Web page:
By Chris Lane
By Jeff Balke
By Aaron Reiss
By Angelica Leicht
By Dianna Wray
By Aaron Reiss
By Camilo Smith
By Craig Malisow
"I didn't even know who he was," shrugs Farr. Such is life for a North Shore Mustang. As one fan says, the Mustangs are like a little college football team. These days, high school football programs operate more like college -- or even pro -- organizations than ever before.
"You really kind of get a chance to be a star before you even get to actually be a big-time star," says Farr. "Just 'cause you're on the team at North Shore. Kids'll be like, 'Oh, he plays for North Shore.' You know, 'Can I get your autograph?' "
Not that Farr doesn't deserve the flattery: The tight end's got the kind of raw power every Division I college coach lusts after. He's six foot six. Two- hundred-and-thirty-five pounds. Runs the 40 in four and a half seconds. He's gotten an avalanche of attention -- phone calls, letters, visits -- from reporters and recruiters this past year.
Like many kids, Dajleon Farr couldn't begin to think about college without a scholarship. Also like many kids, Farr entertains glittery dreams of "making it big" one day in the NFL -- that golden, if unlikely, ticket that would set his family up for good. God blessed the young man with the physical frame to have a shot at that; geography blessed him with the chance to take advantage of it at North Shore.
This summer, a national survey found that high schools in wealthier neighborhoods win a disproportionate share of state sports titles. In Texas, the survey calculated, it's even more pronounced, with the top quarter of rich schools taking home 41 percent of the championship hardware.
Perennial powerhouses like Katy and The Woodlands -- along with out-of-town programs such as Austin Westlake and Dallas's Southlake Carroll -- indicate that some of those patterns hold true for football. In sports, the playing field is not always as level as it appears.
Then there's North Shore, Houston's surprising exception to that trend. North Shore, that much-feared football institution beyond the twinkling smokestacks of the Ship Channel, lies just inside the east loop of Beltway 8. The blue-collar district has 88 percent minority students on its rolls, and 70 percent qualify for free or reduced-price meals. But in 2003, they won it all.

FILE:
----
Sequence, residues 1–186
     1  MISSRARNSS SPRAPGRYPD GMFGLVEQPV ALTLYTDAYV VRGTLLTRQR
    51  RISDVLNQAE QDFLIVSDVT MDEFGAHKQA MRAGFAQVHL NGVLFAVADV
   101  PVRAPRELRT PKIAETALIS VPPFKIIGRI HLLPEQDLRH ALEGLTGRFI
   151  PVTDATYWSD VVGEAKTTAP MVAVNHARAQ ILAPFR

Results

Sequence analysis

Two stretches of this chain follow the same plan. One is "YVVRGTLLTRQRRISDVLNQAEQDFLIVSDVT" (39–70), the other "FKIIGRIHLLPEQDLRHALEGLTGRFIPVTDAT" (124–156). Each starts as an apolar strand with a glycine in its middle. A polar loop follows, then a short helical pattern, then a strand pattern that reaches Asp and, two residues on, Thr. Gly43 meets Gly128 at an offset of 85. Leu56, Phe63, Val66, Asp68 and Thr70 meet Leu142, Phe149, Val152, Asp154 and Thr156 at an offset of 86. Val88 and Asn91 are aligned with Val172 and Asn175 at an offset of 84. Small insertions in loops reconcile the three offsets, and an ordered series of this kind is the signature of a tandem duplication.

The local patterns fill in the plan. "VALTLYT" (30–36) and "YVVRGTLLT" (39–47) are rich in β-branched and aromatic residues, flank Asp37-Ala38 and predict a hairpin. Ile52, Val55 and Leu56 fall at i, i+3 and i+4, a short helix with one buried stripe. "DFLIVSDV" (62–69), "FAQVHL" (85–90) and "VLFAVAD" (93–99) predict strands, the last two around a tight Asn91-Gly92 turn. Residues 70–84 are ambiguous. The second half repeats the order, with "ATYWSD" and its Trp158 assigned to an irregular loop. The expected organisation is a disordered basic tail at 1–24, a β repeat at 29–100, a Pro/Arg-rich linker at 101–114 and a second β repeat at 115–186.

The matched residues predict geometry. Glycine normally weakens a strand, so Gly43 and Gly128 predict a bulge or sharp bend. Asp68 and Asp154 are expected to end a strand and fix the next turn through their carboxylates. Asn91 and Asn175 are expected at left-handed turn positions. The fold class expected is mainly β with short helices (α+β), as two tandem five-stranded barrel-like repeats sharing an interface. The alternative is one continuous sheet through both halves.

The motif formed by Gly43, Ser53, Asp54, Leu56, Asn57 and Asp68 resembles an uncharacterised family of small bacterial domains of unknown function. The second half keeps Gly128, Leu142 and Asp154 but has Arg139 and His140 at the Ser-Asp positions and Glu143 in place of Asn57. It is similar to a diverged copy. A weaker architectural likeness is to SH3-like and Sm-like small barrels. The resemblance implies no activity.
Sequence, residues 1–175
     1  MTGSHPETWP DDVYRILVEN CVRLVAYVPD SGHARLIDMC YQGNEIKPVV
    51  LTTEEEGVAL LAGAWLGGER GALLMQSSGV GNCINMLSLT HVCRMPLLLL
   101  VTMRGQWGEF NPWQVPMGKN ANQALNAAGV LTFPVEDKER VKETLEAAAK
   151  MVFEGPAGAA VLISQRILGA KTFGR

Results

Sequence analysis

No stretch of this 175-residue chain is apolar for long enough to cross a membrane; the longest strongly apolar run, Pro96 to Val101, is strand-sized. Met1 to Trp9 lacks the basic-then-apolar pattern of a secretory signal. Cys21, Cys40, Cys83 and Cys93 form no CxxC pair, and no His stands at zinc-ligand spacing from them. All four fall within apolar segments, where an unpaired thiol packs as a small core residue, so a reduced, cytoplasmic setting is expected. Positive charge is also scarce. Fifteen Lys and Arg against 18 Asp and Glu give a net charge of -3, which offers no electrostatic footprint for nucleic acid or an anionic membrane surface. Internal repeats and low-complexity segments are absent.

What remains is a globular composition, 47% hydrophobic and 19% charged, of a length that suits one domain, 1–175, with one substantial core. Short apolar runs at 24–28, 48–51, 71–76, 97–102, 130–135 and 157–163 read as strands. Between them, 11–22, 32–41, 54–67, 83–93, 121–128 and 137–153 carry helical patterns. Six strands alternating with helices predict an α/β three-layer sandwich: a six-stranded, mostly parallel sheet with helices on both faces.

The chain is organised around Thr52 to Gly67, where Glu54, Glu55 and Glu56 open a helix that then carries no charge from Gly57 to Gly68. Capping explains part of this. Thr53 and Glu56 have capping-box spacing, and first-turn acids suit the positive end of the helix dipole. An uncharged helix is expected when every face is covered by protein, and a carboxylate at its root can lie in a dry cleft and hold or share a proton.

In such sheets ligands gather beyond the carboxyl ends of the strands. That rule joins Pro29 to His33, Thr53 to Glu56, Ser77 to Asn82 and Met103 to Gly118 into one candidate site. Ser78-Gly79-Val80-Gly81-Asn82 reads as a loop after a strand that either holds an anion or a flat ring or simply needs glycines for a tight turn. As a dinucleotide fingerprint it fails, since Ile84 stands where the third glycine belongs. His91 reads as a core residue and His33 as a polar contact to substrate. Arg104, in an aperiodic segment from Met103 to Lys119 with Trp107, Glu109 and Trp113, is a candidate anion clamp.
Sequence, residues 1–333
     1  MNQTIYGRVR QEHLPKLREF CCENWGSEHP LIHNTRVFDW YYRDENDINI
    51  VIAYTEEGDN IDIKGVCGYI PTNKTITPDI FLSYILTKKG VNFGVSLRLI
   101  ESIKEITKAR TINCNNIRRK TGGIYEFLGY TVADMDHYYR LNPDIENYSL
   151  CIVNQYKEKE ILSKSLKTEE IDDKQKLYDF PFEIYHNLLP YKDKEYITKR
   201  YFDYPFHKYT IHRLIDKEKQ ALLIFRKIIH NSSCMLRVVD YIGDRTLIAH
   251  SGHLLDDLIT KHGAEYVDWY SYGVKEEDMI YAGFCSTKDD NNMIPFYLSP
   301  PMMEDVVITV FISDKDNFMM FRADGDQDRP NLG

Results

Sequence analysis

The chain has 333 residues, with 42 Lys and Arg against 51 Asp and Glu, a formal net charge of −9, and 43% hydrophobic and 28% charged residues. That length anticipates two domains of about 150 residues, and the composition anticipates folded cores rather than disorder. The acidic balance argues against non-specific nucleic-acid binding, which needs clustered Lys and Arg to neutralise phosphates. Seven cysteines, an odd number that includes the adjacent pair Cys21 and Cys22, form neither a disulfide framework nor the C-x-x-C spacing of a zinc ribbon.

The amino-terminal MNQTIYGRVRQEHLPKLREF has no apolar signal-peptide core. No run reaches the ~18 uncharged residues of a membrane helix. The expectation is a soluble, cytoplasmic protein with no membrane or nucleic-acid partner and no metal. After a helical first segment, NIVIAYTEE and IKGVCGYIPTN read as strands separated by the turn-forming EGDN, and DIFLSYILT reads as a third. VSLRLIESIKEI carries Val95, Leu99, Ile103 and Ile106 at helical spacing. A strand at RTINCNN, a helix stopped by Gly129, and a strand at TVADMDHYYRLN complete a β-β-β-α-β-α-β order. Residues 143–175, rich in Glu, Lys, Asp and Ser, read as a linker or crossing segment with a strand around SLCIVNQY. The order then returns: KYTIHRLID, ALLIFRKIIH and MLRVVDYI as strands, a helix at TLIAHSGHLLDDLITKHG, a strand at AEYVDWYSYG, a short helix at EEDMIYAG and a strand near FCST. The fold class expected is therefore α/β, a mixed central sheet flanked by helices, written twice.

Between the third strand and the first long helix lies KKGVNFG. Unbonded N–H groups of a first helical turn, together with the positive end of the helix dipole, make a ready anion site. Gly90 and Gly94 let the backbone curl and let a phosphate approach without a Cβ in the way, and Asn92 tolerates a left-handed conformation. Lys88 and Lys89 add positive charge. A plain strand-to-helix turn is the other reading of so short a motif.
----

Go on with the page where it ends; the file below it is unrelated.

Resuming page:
Forty miles in the opposite direction of North Shore, just off Interstate 10, the message on a painted water tower welcomes visitors to Katy and -- in the same breath -- announces the dominance of its prize high school football team. That same water tower overlooks a zip code whose median household income is approximately $86,000.
The Katy Tigers, named "team of the decade" in 1999 by the Houston Chronicle, won 5A state championships in 1997, 2000 and 2003. A Tigers Web site boasts an enviable 107-25 record during the '90s, along with ten district titles and 13 playoff bids over 15 seasons. At the entrance to the athletic field house, a huge trophy case spans the length of one wall, accompanied by a triumphant declaration: "When excellence becomes a tradition, greatness has no limits."
Ask coaches and experts about the athletic advantages of more affluent school districts, and the first thing that many mention is the role of booster clubs.
"The schools with the better football teams have very strong booster clubs," says Alan Zepeda, managing editor of TexasPrepXtra.com. "Some of the programs that struggle have very poor booster clubs, and they're in poorer districts usually."
Although Katy ISD does not maintain financial records for school-related parent groups, Sammy McDaniel, president of the Katy High School Athletics Booster Club, says that the 450-member group raises in the "hundreds of thousands" of dollars for its 16 varsity sports. Gary Joseph, head coach of the Tiger football program, says that they'll typically see about $80,000 of that in an average year.
"They're vital, because the school budget can give you the uniforms, travel, all the basic things. Booster clubs can give the additional things you need to be successful. The audiovisual equipment, the editing equipment, the weights, the field equipment -- things like that -- opportunities for coaches to go to clinics and learn," says Mike Johnston, the respected head coach who stepped down in February after 22 years with the team. He points out how the Dallas Cowboys have occasionally borrowed the NFL-worthy facilities at Southlake Carroll High School, where the median household income is $131,000.
"You have places like that with people with deep pockets," says Johnston, "and they're goin' give you what I call 'the toys,' and those are the fortunate programs. The unfortunate ones don't have those type of things."
On an afternoon in the week leading up to Katy's regional playoff final against Clear Lake, assistant coach Todd Thompson hunches over some of those toys in a video-editing suite adjacent to the field house offices.
He has eight VCRs stacked up in front of him and points out five digital cameras, editing software at three computer stations, five projectors, three camera tripods and hundreds of tapes in a video library that chronicles past games dating back to 1989. He can slice and dice Clear Lake footage like a trained sushi chef -- you want third-down conversions? you want punt coverage? -- breaking down plays, reads, patterns and formations in a way that, one would assume, his players will be capable of doing when they get out on the field. (The team's season ended, however, in a double-overtime loss to Clear Lake, a school with just 4.9 percent economically disadvantaged students -- even fewer than Katy.)